Warning: The following may be hazardous to what you now consider your free time.

James Woods tells TVGuide.com he didn't start playing poker "totally seriously" until "a year and a half ago — Aug. 1, exactly." His enthusiasm for chance and chips has led to his involvement (with his partner, TV poker commentator Vince Van Patten) in HollywoodPoker.com, which offers games for both real and play money.

The real-money games often feature celebrity participants. Mimi Rogers and Mena Suvari are among the frequent — and, says Woods, better — celeb players. For those not ready to stare down over real dough, Woods and Van Patten are launching a second site, HollywoodPoker.net, specifically geared to the novice.

"No one has ever taken advantage of the idea that a lot of people just never want to play for money," Woods declares. "They just want to learn, have a good time and be a part of the poker explosion without taking any kind of risk. We thought if we made a really viable, fun site, almost like a fan club, if you will, eventually our advertising and merchandising would pay for the site. It would be a valuable thing for everyone involved, a win-win situation."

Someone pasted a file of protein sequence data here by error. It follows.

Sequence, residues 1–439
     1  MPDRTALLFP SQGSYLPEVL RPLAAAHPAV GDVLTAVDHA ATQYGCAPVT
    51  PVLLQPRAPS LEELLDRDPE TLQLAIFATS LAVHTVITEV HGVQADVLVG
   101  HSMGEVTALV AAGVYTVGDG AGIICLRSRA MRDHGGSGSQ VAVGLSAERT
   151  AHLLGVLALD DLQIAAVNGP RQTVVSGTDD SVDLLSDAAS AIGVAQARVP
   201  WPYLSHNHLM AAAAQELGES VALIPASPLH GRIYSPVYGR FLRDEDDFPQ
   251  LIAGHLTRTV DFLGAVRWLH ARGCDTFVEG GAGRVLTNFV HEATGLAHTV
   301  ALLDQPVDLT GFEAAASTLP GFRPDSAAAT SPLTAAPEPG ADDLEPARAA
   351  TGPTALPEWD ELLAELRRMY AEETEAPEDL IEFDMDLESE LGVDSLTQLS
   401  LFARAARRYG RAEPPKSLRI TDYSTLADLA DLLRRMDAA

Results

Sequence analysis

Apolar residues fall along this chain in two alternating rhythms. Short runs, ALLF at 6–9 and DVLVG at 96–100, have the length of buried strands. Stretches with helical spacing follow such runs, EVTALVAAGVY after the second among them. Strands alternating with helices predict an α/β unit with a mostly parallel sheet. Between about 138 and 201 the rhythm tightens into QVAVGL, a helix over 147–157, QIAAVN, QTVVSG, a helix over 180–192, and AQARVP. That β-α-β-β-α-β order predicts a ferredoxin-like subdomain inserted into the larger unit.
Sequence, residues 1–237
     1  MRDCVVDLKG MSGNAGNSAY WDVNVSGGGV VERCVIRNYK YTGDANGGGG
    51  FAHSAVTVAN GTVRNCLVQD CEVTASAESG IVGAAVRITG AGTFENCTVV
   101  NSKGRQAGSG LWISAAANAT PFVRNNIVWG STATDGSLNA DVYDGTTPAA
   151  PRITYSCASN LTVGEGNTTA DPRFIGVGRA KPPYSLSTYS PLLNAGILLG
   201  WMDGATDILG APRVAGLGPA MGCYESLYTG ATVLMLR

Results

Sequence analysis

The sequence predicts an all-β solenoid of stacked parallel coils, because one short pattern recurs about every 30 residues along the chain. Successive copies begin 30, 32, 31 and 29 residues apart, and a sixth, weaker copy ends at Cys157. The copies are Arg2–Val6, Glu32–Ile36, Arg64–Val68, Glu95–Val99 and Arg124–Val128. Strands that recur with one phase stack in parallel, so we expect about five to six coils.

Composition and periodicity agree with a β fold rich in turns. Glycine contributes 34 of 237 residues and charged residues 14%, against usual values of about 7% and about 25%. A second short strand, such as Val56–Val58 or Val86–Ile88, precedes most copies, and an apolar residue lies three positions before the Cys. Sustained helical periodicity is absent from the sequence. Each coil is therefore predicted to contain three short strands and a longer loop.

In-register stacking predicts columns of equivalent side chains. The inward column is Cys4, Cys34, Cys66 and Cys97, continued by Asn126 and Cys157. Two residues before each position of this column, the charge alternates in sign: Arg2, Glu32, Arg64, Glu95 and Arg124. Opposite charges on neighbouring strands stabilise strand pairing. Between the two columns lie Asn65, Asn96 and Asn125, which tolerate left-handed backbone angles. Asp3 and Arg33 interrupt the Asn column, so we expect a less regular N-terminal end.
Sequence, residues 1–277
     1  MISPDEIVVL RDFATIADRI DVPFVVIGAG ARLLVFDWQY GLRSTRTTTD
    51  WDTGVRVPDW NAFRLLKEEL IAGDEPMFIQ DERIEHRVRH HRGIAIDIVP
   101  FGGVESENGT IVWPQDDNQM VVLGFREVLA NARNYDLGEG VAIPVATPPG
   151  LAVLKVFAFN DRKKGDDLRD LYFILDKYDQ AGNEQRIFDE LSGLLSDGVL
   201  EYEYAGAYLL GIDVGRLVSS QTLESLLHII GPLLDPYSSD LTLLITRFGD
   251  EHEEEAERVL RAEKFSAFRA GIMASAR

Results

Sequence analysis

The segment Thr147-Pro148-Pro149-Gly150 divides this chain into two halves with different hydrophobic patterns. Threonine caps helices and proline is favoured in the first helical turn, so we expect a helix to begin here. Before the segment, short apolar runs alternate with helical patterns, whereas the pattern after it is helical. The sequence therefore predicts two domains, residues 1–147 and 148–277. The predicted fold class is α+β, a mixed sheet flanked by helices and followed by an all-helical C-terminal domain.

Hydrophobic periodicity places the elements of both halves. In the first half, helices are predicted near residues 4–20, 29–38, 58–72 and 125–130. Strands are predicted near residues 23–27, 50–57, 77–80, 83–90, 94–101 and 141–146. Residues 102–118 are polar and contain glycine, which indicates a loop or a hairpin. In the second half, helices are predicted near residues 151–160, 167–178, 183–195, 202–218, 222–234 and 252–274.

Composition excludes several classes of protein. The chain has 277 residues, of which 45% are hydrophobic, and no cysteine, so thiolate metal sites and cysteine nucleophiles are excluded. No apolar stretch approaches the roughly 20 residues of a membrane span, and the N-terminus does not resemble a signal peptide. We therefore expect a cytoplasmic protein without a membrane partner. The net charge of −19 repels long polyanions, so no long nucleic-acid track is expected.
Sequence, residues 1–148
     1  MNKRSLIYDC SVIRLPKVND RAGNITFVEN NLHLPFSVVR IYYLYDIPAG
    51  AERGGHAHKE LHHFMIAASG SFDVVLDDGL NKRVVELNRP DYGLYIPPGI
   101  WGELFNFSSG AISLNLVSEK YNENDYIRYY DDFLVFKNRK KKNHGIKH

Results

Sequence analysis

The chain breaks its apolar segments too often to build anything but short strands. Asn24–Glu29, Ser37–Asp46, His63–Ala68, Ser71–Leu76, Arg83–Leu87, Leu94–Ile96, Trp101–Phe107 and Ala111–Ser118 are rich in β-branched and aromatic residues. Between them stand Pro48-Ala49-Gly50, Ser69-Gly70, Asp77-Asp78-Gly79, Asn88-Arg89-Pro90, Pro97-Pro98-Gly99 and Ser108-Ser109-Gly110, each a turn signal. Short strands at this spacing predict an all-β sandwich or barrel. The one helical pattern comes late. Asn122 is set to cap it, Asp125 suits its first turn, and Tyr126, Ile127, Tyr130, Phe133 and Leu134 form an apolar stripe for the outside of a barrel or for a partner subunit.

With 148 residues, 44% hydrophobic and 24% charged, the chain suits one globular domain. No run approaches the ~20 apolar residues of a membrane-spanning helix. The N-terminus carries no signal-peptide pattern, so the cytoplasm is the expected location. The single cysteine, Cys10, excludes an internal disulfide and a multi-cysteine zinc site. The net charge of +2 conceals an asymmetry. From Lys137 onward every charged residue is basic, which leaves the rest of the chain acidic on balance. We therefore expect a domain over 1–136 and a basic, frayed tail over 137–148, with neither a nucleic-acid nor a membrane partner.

In a first for the actor, Woods wrote, directed and stars with Van Patten in TV commercials for the websites, which hit the air this weekend. "The comedy angle I took in creating the spots," says Woods, "was that Vince and I — both of whom are very good players — think we're both so good, so fabulous, which is the running tag word of the spots.

"And, of course, everybody beats us — including, finally, a cat, who toys with, if you'll pardon the joke, the mouse next to the keyboard. We can't beat anybody. And that's the fun part of the whole idea: If you really learn to play poker well, you can pretty much beat anybody."

The good news is that the commercials are entertaining and funny. The bad news is that HollywoodPoker.com can be addictive, as attested to by many of the friendly opponents this reporter has met since getting sucked in the day after interviewing Woods (hence the warning above). However, I am up over $33,000 — in play money.

"Every year," says Woods, "we see guys who qualified in a $40 online tournament winning the World Series of Poker against the greatest players in the world. They play really well, they have some extraordinary luck and the combination is pretty enticing."

So poker really is anybody's game. Let the dreams begin.